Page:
Article

Genome-wide screening of genes required for swarming motility in Escherichia coli K-12.

Department of Oral Microbiology, Graduate School of Medicine, Dentistry, and Pharmaceutical Sciences, Okayama University, 2-5-1, Shikata, Okayama 700-8525, Japan.
Journal of Bacteriology (Impact Factor: 2.69). 03/2007; 189(3):950-7. DOI: 10.1128/JB.01294-06
Source: PubMed

ABSTRACT Escherichia coli K-12 has the ability to migrate on semisolid media by means of swarming motility. A systematic and comprehensive collection of gene-disrupted E. coli K-12 mutants (the Keio collection) was used to identify the genes involved in the swarming motility of this bacterium. Of the 3,985 nonessential gene mutants, 294 were found to exhibit a strongly repressed-swarming phenotype. Further, 216 of the 294 mutants displayed no significant defects in swimming motility; therefore, the 216 genes were considered to be specifically associated with the swarming phenotype. The swarming-associated genes were classified into various functional categories, indicating that swarming is a specialized form of motility that requires a wide variety of cellular activities. These genes include genes for tricarboxylic acid cycle and glucose metabolism, iron acquisition, chaperones and protein-folding catalysts, signal transduction, and biosynthesis of cell surface components, such as lipopolysaccharide, the enterobacterial common antigen, and type 1 fimbriae. Lipopolysaccharide and the enterobacterial common antigen may be important surface-acting components that contribute to the reduction of surface tension, thereby facilitating the swarm migration in the E. coli K-12 strain.

0 Followers
 · 
82 Views
  • Source
  • Source
    [Show abstract] [Hide abstract]
    ABSTRACT: Background Moonlighting proteins perform two or more cellular functions, which are selected based on various contexts including the cell type they are expressed, their oligomerization status, and the binding of different ligands at different sites. To understand overall landscape of their functional diversity, it is important to establish methods that can identify moonlighting proteins in a systematic fashion. Here, we have developed a computational framework to find moonlighting proteins on a genome scale and identified multiple proteomic characteristics of these proteins.ResultsFirst, we analyzed Gene Ontology (GO) annotations of known moonlighting proteins. We found that the GO annotations of moonlighting proteins can be clustered into multiple groups reflecting their diverse functions. Then, by considering the observed GO term separations, we identified 33 novel moonlighting proteins in Escherichia coli and confirmed them by literature review. Next, we analyzed moonlighting proteins in terms of protein-protein interaction, gene expression, phylogenetic profile, and genetic interaction networks. We found that moonlighting proteins physically interact with a higher number of distinct functional classes of proteins than non-moonlighting ones and also found that most of the physically interacting partners of moonlighting proteins share the latter¿s primary functions. Interestingly, we also found that moonlighting proteins tend to interact with other moonlighting proteins. In terms of gene expression and phylogenetically related proteins, a weak trend was observed that moonlighting proteins interact with more functionally diverse proteins. Structural characteristics of moonlighting proteins, i.e. intrinsic disordered regions and ligand binding sites were also investigated.Conclusion Additional functions of moonlighting proteins are difficult to identify by experiments and these proteins also pose a significant challenge for computational function annotation. Our method enables identification of novel moonlighting proteins from current functional annotations in public databases. Moreover, we showed that potential moonlighting proteins without sufficient functional annotations can be identified by analyzing available omics-scale data. Our findings open up new possibilities for investigating the multi-functional nature of proteins at the systems level and for exploring the complex functional interplay of proteins in a cell.ReviewersThis article was reviewed by Michael Galperin, Eugine Koonin, and Nick Grishin.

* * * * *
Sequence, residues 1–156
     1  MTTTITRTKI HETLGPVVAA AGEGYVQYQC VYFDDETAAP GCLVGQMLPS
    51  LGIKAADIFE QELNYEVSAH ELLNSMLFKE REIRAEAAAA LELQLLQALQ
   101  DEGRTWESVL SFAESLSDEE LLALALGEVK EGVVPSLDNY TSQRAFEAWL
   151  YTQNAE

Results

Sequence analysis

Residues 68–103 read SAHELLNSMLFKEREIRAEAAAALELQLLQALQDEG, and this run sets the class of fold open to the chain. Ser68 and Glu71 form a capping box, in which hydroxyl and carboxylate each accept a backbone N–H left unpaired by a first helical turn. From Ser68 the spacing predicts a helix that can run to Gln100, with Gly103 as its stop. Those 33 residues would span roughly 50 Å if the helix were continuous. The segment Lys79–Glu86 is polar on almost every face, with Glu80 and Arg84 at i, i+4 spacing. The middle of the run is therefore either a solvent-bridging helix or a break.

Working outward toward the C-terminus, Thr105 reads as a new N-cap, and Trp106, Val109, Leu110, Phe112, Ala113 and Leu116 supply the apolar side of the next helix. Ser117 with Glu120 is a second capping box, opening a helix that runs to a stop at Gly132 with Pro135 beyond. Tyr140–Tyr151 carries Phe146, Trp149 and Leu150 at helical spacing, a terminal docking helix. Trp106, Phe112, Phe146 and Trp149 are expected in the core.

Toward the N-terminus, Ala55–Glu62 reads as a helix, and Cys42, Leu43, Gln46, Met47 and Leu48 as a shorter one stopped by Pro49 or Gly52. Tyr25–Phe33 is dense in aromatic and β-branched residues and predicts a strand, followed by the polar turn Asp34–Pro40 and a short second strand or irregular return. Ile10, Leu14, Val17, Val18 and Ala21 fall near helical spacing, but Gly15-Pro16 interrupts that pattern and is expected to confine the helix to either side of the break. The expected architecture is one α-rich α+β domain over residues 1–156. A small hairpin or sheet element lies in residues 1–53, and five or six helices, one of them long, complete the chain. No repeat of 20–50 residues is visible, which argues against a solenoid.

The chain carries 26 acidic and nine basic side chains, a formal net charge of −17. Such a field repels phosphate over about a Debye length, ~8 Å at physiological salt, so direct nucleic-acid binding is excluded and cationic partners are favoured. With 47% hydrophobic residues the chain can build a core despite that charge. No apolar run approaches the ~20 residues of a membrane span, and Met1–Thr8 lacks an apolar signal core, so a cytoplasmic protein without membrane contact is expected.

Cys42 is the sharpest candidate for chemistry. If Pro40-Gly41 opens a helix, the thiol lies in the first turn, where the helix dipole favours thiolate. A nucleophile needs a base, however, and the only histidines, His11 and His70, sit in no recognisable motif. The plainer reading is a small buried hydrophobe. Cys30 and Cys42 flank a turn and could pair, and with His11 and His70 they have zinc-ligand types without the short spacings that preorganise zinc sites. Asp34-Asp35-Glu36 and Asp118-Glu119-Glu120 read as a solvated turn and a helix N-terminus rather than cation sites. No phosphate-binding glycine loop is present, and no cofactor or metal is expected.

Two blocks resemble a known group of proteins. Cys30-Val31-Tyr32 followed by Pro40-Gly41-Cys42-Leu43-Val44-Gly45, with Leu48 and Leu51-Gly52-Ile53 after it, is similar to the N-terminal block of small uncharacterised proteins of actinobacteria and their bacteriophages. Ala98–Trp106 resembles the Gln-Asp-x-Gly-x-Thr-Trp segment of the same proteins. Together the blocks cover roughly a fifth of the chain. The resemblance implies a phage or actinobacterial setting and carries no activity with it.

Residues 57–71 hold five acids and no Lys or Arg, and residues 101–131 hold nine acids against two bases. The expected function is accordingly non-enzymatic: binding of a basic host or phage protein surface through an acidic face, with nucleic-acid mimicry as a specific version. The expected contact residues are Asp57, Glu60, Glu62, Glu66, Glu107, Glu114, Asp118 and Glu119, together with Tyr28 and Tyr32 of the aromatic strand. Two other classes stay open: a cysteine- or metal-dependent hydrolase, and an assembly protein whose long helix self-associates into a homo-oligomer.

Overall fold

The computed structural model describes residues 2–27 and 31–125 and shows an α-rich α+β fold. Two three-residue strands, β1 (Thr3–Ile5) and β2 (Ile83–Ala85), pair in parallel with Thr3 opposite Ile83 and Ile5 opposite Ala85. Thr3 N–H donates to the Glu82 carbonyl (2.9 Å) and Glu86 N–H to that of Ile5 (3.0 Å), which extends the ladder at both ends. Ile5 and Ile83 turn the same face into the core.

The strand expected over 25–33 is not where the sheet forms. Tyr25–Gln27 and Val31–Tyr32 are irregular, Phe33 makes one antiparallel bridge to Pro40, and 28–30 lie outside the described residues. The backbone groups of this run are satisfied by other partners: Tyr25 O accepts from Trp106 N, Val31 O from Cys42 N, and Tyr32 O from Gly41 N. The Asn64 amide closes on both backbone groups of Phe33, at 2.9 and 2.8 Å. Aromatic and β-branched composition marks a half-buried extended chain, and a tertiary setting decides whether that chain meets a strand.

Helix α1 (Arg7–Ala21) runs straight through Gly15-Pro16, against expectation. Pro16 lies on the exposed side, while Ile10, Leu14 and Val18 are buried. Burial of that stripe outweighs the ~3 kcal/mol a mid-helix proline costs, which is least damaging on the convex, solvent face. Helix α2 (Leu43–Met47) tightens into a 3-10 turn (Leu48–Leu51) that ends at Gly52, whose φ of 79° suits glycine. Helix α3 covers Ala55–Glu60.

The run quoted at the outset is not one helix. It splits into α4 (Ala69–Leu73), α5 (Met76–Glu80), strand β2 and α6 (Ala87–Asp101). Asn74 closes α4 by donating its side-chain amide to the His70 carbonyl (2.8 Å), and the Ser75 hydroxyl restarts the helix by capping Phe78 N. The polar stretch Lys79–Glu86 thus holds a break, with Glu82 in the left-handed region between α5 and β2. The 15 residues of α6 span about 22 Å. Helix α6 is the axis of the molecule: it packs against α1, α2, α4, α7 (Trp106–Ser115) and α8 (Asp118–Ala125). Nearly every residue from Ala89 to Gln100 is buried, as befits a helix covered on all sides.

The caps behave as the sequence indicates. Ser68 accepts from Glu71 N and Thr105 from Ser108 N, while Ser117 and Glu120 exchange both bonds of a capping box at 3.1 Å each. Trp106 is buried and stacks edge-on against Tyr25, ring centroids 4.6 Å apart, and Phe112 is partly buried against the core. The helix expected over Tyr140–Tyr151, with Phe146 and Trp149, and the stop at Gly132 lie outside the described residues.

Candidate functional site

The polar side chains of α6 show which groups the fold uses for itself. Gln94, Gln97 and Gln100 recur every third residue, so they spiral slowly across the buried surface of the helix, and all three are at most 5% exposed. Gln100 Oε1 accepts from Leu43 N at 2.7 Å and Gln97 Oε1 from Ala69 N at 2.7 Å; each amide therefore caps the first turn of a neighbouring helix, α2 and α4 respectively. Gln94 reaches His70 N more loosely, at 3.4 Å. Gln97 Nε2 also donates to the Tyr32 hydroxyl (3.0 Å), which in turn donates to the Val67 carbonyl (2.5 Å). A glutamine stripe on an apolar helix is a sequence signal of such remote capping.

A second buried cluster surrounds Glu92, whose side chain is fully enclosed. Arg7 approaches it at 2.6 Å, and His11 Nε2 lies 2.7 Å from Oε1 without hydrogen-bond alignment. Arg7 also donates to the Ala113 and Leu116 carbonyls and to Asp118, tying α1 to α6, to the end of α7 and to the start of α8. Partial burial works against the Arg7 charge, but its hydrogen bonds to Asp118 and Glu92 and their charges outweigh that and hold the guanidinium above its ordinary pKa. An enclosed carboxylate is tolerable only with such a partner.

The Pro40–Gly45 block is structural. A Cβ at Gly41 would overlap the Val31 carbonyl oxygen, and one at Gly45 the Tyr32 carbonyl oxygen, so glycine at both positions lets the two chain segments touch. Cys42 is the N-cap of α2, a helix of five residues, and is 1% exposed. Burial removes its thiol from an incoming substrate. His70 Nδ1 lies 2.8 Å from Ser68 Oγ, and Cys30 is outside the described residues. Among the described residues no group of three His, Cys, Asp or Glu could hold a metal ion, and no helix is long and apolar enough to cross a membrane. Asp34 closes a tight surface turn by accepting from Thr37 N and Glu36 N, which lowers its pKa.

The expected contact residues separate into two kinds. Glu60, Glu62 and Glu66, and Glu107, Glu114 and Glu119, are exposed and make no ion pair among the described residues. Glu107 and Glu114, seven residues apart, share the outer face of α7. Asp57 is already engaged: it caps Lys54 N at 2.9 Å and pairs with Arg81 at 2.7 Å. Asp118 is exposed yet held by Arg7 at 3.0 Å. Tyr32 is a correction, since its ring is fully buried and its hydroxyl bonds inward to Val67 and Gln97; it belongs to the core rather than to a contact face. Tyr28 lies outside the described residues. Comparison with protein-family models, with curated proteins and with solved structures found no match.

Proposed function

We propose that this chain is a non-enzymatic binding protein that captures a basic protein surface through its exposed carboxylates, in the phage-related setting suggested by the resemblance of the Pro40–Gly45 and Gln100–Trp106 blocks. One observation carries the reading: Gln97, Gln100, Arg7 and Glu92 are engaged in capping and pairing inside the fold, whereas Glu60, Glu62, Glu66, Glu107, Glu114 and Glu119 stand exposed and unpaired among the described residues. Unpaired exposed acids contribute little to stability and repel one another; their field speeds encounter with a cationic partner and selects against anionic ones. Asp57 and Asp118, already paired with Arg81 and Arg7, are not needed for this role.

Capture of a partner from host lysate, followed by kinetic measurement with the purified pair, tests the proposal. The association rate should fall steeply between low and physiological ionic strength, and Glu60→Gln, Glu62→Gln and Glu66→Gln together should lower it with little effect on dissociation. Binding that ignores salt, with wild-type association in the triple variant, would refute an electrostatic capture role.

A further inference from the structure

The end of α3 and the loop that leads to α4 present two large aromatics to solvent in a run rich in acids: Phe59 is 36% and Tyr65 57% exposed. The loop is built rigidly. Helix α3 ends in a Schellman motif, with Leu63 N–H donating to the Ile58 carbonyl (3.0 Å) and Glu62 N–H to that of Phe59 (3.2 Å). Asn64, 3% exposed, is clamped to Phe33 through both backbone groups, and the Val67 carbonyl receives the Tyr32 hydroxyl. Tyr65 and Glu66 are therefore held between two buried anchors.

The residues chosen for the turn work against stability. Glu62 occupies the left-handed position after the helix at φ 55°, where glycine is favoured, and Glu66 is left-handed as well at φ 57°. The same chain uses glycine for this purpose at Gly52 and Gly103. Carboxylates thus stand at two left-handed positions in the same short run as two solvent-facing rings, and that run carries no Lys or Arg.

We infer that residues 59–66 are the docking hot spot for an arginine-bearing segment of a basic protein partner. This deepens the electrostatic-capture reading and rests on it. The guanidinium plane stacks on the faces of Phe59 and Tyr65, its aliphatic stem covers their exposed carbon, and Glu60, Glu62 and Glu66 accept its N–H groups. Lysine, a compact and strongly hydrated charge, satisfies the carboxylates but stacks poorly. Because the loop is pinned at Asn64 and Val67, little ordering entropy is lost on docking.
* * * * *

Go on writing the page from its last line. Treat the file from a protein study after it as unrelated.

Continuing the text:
Biology Direct 12/2014; 9(1):30. DOI:10.1186/PREACCEPT-2051526116138415 · 4.04 Impact Factor
  • Source
    [Show abstract] [Hide abstract]
    ABSTRACT: When microbes acquire new abilities through horizontal gene transfer, the genes and pathways must function under conditions with which they did not coevolve. If newly-acquired genes burden the host, effective use will depend on further evolutionary refinement of the recombinant strain. We used laboratory evolution to recapitulate this process of transfer and refinement, demonstrating that effective use of an introduced dichloromethane degradation pathway required one of several mutations to the bacterial host that are predicted to increase chloride efflux. We then used this knowledge to identify parallel, beneficial mutations that independently evolved in two natural dichloromethane-degrading strains. Finally, we constructed a synthetic mobile genetic element carrying both the degradation pathway and a chloride exporter, which preempted the adaptive process and directly enabled effective dichloromethane degradation across diverse Methylobacterium environmental isolates. Our results demonstrate the importance of post-transfer refinement in horizontal gene transfer, with potential applications in bioremediation and synthetic biology.
    eLife Sciences 11/2014; DOI:10.7554/eLife.04279 · 8.52 Impact Factor

Preview

Download
1 Download
Available from